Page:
The Legend of Kevin is the first in a new comedy series by the award-winning partnership of Philip Reeve and Sarah McIntyre. Its heroes are a roly-poly flying pony (Kevin) and a boy called Max who longs for a pet of his own. It is a comedy and an adventure about friendship and family, and it is very silly indeed.
The story starts in the Outermost West, a fantasy land where Kevin sits in his tree-top nest pondering whether to eat custard creams or bourbons for breakfast. However, this fantasy setting is soon replaced by one much more down to earth, as Kevin is blown in a wild storm onto the balcony of a block of flats in the very ordinary town of Bumbleford. The balcony is owned by Max and his family – a very ordinary family to whom readers will easily relate (mum is a hairdresser, dad is a builder, sister is a teenage Goth!). Max is, naturally, over the moon to have acquired a new, flying pet, but keeping it secret from his parents is a little tricky. He doesn’t have to worry about this for long, however, as pretty soon a torrential flood covers the town in water and everyone has much bigger things to worry about.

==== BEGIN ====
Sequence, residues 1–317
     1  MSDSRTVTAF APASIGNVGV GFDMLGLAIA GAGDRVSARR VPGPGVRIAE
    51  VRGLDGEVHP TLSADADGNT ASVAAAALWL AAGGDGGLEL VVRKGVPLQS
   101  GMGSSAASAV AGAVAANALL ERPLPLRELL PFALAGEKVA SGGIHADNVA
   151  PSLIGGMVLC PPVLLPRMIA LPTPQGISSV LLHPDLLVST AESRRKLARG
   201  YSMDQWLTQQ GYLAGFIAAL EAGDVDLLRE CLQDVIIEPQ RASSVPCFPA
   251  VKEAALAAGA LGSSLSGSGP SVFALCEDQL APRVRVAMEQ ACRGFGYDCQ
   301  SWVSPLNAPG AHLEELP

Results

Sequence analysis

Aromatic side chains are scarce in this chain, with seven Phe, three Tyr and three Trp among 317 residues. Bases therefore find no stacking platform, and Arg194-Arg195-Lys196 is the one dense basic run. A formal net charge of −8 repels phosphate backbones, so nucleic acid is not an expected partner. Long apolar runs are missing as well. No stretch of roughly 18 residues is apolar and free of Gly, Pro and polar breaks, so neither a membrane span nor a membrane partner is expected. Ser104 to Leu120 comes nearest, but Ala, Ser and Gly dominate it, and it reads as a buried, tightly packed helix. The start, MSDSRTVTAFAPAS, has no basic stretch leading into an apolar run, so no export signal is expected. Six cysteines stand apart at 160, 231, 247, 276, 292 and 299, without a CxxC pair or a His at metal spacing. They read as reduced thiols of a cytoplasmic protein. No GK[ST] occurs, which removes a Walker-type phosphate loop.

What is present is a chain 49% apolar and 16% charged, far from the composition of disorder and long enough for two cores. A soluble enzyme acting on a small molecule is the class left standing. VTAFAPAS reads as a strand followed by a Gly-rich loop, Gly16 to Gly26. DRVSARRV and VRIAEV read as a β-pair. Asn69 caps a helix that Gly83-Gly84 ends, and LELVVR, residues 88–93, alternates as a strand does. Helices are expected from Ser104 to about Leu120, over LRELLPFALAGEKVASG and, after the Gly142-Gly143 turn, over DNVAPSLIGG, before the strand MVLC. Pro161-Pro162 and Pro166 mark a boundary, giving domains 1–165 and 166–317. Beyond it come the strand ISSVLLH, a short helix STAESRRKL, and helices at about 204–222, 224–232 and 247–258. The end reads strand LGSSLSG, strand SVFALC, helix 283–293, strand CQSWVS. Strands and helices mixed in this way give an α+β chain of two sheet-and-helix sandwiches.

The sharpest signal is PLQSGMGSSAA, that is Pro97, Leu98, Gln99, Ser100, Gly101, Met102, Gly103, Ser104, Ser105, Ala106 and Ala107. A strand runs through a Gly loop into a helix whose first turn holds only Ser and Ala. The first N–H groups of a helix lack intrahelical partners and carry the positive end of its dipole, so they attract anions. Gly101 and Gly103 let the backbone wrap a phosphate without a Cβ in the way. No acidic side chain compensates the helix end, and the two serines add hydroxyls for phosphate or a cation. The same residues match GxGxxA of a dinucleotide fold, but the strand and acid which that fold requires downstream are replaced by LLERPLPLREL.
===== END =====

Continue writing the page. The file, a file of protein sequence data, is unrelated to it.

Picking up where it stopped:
The submersion of the town brings with it the most exciting passages of the story, as a daring rescue mission to remove the head teacher from a rooftop, and an underwater sortie to accrue more biscuits from the flooded supermarket, turn Max and his new portly pony into heroes. The flood also brings with it mysterious creatures from the Outermost West, some of whom are recognisable from Reeve and McIntyre’s earlier hit, Oliver and the Seawigs. Fans of that story will be excited by the return of the horrendously mischievous sea monkeys, who cause chaos and carnage that only Max and Kevin can sort out.
Throughout the narrative, the author speaks to the reader directly through humorous asides, which invite the reader to place themselves into the story. This is a welcome addition as the story moves quickly and characters are somewhat underdeveloped, with McIntyre’s brilliant, playful two-colour illustrations doing a lot of the heavy lifting in terms of description and characterisation. As it is an opener to the series, many characters are introduced who, it is clear, will have bigger roles to play in further episodes. This is certainly the case for the ridiculous hamsters, Neville and Beyoncé, who readers will find either hilarious or very irritating!
Kevin and Max’s friendship grows throughout the story and the dilemma of how to maintain a relationship with someone who lives in such an entirely different world from yourself is the most emotive element of the book. There are plenty of signs in this new story that Max and Kevin will have much excitement and funniness to offer in future episodes, and it will be particularly popular by children who like their stories to be as silly and random as possible.